Pacific Salmon Foundation researcher dissects tissue samples from overwintering Chinook to detect for the presence of infectious agents in Quatsino Sound, B.C., March 2019. (Photo by Amy Romer)

New viruses discovered in endangered wild Pacific salmon populations in B.C.

Study looked at 6,000 salmon along the B.C.’s coastline, including in the wild and in fish farms

A series of new fish-infecting viruses have been discovered in endangered Chinook and Sockeye salmon populations.

Among three new viruses discovered is a virus that has never been known to infect fish before, according to a news release from UBC researchers released on Wednesday.

While the impact of the viruses on salmon health isn’t yet known, all three are related to viruses that cause serious disease in other species, the study suggests.

Researchers from UBC’s earth, ocean and atmospheric sciences department, along with Fisheries and Oceans Canada scientists, used DNA sequencing to screen for viruses within more than 6,000 salmon from along the B.C. coast, including wild, hatchery and aquaculture fish.

UBC and Fisheries and Oceans Canada researchers used DNA sequencing followed by tests specific to each virus to screen more than 6,000 salmon from along the B.C. coast, including wild, hatchery and aquaculture fish.

READ MORE: DFO to test for harmful virus at B.C. fish farms

UBC’s department of earth, ocean and atmospheric sciences researcher Gideon Mordecai says he was surprised by this latest discovery, which was published this week in the research journal eLife.

“We were surprised to find viruses which had never before been shown to infect fish,” said Mordecai.

“Although there’s no risk to humans, one of the viruses is evolutionary related to to respiratory coronaviruses, and is localized to the gills. That suggests it has a similar infection strategy to its distant relatives that infect mammals.”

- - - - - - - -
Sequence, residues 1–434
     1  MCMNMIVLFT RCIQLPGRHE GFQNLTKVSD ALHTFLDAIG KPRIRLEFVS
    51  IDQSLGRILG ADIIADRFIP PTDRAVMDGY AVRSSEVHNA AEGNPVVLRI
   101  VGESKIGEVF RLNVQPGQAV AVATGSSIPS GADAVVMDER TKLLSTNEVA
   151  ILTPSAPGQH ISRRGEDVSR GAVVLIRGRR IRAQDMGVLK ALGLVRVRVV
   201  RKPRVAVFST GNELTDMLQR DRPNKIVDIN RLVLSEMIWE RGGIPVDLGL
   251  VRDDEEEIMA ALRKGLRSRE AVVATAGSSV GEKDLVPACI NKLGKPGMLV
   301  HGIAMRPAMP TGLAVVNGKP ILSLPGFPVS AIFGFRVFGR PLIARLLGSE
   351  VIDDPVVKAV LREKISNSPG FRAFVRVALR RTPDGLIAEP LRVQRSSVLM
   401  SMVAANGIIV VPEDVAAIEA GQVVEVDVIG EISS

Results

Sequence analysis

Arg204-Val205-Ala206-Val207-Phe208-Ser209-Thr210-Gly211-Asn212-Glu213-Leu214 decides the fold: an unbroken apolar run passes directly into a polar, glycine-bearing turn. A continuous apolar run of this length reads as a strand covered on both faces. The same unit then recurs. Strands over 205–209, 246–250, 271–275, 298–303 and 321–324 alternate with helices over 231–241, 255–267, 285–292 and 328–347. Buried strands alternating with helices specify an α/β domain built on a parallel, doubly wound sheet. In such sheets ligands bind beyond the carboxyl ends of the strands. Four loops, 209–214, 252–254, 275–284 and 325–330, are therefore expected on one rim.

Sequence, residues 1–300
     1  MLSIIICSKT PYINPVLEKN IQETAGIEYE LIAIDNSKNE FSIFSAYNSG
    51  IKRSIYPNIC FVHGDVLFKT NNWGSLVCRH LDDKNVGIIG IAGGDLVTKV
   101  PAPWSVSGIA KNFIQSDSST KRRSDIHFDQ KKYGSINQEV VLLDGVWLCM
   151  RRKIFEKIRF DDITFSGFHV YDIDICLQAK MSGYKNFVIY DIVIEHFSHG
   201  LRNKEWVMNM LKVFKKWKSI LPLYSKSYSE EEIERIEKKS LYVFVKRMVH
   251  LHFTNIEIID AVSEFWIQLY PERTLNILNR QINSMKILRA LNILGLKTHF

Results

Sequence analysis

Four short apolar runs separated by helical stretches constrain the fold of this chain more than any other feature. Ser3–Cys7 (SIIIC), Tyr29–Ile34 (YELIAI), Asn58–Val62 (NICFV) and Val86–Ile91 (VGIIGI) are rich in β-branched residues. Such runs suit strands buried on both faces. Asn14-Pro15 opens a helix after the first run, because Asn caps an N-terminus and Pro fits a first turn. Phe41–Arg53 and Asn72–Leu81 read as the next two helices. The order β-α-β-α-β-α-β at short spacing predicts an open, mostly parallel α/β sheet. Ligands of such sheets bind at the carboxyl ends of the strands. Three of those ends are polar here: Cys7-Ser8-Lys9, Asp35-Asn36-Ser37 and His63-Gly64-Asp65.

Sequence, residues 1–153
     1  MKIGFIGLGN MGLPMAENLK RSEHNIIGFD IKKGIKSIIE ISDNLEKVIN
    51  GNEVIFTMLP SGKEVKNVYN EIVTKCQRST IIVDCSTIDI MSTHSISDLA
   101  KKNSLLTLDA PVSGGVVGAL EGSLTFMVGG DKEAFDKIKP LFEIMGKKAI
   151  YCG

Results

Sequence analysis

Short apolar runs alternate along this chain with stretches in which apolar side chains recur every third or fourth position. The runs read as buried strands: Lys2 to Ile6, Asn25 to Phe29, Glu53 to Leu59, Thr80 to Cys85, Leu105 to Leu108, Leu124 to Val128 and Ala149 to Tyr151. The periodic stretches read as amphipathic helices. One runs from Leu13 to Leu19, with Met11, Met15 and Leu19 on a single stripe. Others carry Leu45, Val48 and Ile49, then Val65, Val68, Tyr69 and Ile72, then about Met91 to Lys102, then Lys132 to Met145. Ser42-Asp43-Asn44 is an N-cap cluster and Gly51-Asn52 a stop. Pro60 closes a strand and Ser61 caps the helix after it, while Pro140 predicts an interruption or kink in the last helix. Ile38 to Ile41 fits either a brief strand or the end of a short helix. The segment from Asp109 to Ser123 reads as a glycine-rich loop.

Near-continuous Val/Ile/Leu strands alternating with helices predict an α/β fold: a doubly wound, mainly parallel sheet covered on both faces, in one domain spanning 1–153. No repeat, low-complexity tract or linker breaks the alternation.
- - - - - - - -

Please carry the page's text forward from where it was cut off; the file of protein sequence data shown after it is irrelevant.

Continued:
One new virus was detected in 15 per cent of all hatchery Chinook tested, which is more commonly found in hatchery salmon.

Another new virus was detected in 20 per cent of Chinook fish found in B.C. fish farms, but was only found in adult or sub-adult salmon. Usually, these viruses are more likely found in cultured fish than in the wild.

The research findings come as the population of Chinook and sockeye salmon continue to decline – a trend scientists have been documenting for 30 years.

While much of the focus has been on the impact of piscine orthoreovirus, the new findings highlight how little is known about other viruses endemic to salmon populations.

UBC virologist Curtis Suttle said the findings emphasize the potential role that viral disease can play in wild fish stocks.

“It’s essential that we determine whether these viruses are important factors in the decline of Chinook and sockeye salmon stocks,” Suttle said.

“The research highlights the need for robust surveillance to improve our understanding of how viruses might impact the health of wild Pacific salmon populations.”

Like us on Facebook and follow us on Twitter.

Get local stories you won't find anywhere else right to your inbox.
Sign up here

Just Posted

Updated: Molotov cocktails thrown at Revelstoke home in arson attempt

The flames were extinguished before they spread. Two men have been arrested.

QUIZ: Do you know the truth?

In what has been described as a post-truth era, how much do you know about truth and lies?

EDITORIAL: Managing wildfires

Wildfires have the potential to cause significant damage within our province

Opening night lineup for online Roots & Blues festival released

The first night of the festival on Aug. 14 will be stacked with favourites from previous years

Revelstoke’s forestry museum launches podcasts and new website

One of their summer students is working remotely

Canada to match donations to Lebanon relief

Canada is directing all of its aid for this crisis directly to humanitarian organizations, not the Lebanese government

‘We’re glad you’re here’: Positive note left on Alberta car at Kelowna beach

‘Our hearts are full, and this restores all sorts of faith in humanity’

Kelowna RCMP search for missing teen

Reina Hodgins was last seen Aug. 9, 2020 at 12:30 p.m. at her residence

Who can dismiss the Governor General? A look at protocols and possibilities

The Governor General is appointed by the Queen, on the advice of the prime minister

Second phase of NHL draft lottery set for Monday

Each club eliminated from qualifying round has a 12.5 per cent shot at the No. 1 pick

University of Victoria, rowing coach sued over alleged ‘fat shaming’ and verbal abuse

Lawsuit says Barney Williams subjected coxswain Lily Copeland to offensive and belittling language

1 year since a B.C. teen died in a skate park, his family still waiting for charges

Carson Crimeni’s final moments were broadcast on social media

NHL playoffs: Canucks to meet St. Louis Blues in Round 1

Vancouver takes on defending champs beginning Wednesday

Local state of emergency declared near Okanagan home

Slope failure cited as City of Penticton issues notice at home in 600 block of Heather Road

Most Read